4. C-SPAN Interview: Washington Journal, October, 2013 (video)
LaTourette is "gearing up [the Main Street Partnership] this year because "just being a sleepy little organization with what's going on in our party is not okay and we are now going to actively fund and recruit people to run for office."
When the C-SPAN interviewer asked if LaTourette would describe those people [to be recruited] as "moderate," LaTourette said, "I'd describe them as normal."
"The party has taken a lurch to the right," LaTourette said, while the members of the Main Street Partnership are the "governing wing of the Republican Party."
The TEA Party money groups fund "Manchurian candidates, who may be able to get through the Republican primary, but then either don't make it in the fall, and if they do make it in the fall, they aren't interested in governing."
"People not interested in doing that [bargaining and negotiating] are not interested in governing."
The TEA Party has been infiltrated by libertarians, like Ron Paul with a "government-is-the-enemy view."
On November 7, 2013, LaTourette called the new Main Street Advocacy Fund an "opening salvo in an $8 million effort" to help moderate Republicans get elected. He expressed interest "in aiding a moderate candidate to challenge incumbent TEA Party Republican Rep. Justin Amash of Michigan."
The Main Street Advocacy Fund and the Defending Main Street super-PAC are Main Street Partnership spin-offs set up to financially support LaTourette's "normal" Republican candidates running against TEA Party-backed candidates in 2014.
So, how aggressive will LaTourette's Main Street Partnership be in promoting his "normal" Republicans against TEA Party-supported incumbents?
A December 4, 2013 TPM DC article quoted LaTourette's musing on how his organization might support "moderate" Republican challenges to conservative Republican incumbents.
"We're getting a lot of calls to not only defend but go in and defend a lot of center right candidates against a couple of incumbents in Michigan," former Rep. Steve LaTourette (R-OH), who helped found the group, told TPM. "We haven't made that decision yet because I have to sort out in my own head because the name of the thing is Defending Main Street and I'm basically criticizing people for sticking their nose in Republican primaries...The Michigan House seats the group could go after are held by Reps. Kerry Bentivolio (R-MI) and Justin Amash (R-MI); Main Street would back David Trott and Brian Ellis.
The Hill suggested a motive for LaTourette's animosity toward Amash:
"Amash is among a rebel bloc of House Republicans who pushed Speaker John Boehner (R-Ohio) to make a stand on Obamacare in the fight over the government shutdown and the debt ceiling. The tactic infuriated business groups, several of which have threatened to enter into GOP primaries in order to defeat hardliners in the GOP. Amash has also been a thorn in the side of leadership and was one of a handful of Republicans who orchestrated a failed attempt to oust Boehner earlier this year."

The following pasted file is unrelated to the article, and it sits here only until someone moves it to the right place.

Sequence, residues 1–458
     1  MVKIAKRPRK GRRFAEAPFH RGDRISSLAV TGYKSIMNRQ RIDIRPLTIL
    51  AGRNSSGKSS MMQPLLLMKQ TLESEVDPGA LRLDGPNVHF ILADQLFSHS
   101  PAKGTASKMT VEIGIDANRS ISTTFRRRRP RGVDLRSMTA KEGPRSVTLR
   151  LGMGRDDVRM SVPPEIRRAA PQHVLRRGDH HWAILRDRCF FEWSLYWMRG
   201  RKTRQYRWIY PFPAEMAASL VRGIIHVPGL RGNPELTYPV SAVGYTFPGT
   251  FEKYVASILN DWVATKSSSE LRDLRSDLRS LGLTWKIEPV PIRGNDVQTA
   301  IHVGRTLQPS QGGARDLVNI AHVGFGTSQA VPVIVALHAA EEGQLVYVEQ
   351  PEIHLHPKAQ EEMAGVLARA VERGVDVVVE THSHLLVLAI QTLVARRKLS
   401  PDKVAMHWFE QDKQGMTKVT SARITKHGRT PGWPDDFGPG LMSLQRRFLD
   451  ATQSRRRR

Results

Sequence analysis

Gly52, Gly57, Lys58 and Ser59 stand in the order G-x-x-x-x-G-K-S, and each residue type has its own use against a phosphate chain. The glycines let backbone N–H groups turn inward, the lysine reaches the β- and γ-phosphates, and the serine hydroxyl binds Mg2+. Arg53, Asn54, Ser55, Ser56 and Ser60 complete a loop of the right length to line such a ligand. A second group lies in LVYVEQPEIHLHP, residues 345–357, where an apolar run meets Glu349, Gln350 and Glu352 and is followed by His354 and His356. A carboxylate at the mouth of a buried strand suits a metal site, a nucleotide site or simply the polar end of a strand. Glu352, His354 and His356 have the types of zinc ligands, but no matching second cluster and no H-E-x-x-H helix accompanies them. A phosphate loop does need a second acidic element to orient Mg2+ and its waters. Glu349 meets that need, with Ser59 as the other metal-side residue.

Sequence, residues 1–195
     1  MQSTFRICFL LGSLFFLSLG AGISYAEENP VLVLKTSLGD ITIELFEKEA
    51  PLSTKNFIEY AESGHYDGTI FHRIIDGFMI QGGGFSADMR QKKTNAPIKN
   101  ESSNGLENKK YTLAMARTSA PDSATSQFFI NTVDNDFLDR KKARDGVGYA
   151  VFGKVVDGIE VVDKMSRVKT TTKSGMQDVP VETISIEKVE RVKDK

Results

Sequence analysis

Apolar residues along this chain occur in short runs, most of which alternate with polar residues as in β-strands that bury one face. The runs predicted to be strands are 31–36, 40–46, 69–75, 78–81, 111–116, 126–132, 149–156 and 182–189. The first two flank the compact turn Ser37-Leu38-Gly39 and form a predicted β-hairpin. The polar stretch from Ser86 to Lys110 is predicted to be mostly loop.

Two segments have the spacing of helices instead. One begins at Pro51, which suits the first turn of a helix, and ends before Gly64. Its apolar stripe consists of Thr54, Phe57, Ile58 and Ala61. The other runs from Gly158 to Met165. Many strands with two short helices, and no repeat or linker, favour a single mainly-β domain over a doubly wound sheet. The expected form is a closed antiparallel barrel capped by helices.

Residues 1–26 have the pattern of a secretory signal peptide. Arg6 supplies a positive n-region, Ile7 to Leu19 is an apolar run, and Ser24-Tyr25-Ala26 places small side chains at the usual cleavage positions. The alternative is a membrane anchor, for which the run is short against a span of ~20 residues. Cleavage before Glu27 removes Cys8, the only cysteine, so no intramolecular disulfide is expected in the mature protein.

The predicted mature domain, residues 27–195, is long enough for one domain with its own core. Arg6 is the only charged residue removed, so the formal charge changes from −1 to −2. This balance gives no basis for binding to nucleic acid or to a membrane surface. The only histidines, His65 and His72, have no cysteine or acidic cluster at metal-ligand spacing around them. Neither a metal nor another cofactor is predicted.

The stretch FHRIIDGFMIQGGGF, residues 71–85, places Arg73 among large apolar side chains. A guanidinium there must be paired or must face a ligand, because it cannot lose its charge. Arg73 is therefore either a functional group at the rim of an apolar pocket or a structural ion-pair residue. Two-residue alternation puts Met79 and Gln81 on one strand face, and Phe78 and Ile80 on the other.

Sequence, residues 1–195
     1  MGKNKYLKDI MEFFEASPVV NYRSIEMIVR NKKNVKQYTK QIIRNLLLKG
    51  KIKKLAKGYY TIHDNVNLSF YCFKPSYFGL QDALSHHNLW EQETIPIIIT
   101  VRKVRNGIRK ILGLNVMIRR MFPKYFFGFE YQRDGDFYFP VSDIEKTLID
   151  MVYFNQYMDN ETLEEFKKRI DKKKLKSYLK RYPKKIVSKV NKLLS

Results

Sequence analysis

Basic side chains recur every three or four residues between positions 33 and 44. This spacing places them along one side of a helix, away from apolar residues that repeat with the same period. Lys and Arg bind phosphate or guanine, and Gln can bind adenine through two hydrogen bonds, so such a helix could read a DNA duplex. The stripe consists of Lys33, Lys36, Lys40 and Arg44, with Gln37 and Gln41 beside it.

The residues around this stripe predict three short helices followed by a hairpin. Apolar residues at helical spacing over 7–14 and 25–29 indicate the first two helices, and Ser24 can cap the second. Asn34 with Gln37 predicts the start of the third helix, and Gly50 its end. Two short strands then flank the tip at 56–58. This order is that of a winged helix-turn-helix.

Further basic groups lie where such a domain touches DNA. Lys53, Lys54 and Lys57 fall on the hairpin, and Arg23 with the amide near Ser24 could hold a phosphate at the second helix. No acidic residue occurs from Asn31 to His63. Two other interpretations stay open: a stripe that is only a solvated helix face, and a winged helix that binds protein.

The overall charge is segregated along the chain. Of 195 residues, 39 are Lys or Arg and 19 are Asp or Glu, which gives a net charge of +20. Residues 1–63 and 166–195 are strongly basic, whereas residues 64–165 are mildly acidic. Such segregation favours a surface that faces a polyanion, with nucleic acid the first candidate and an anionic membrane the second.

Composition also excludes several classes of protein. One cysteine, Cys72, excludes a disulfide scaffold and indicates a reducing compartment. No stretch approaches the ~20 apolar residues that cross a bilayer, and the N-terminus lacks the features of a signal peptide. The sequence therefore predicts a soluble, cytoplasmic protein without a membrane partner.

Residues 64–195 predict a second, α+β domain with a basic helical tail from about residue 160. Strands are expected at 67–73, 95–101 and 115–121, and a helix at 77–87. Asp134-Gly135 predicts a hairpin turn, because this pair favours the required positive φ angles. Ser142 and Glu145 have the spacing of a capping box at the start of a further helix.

It's about political revenge.
The Main Street Partnership organization ("The Governing Wing of the GOP") also has an internal PAC – the Main Street Partnership PAC. For $5,000, it offered this 2013 PAC Benefits Package: 2 tickets to February, March and April 2013 receptions featuring Senators and House Members; 1 participant on the annual May trip with Special Guest Speaker Boehner and 22 Members of the House, 2 tickets to a June reception featuring Senators and House Members; 2 tickets to a July reception featuring Senators and House Members; and 2 tickets to a September reception featuring Senators and House Members. It's a pay-for-access opportunity for other Political Action Committee operatives in Washington D.C. – a town where there are more PACs than in a camping store.
On January 14, 2014, Eric Erickson's RedState.com listed the funding sources for LaTourette's Defending Main Street super-PAC:
▪ David Bonderman: $30,000
▪ Laborers' Political League Education Fund: $100,000
▪ The Chickasaw Nation: $50,000
▪ International Union of Operating Engineers (EPEC): $250,000
▪ Laborers' International Union Of North America (LIUNA) PAC: $150,000
▪ Marine Engineers Beneficial Association Political Action Fund (MEBA PAF): $15,000
▪ Working for Working Americans-Federal (Building Trades/Carpenters PAC): $250,000
The labor unions mean Democrat support.
The Chickasaw Nation is a puzzle.
Who is David Bonderman?
David Bonderman is the multi-billionaire founder of Ft. Worth, Texas-based TPG Capital. The Federal Election Commission (FEC) website lists his total 1996-current political contributions as: $824,000 in soft money; $236,250 to political committees; and $25,500 in joint fund-raising contributions – for a total of about $2 million.
The overwhelming majority of his contributions have gone to scores of Democrat candidates by way of four- and five-digit contributions, and to Democrat PACs and super-PACs in six-digit bank transfers. For example:
▪ America Votes Action Fund super-PAC (AVAF): 2012, $100,000.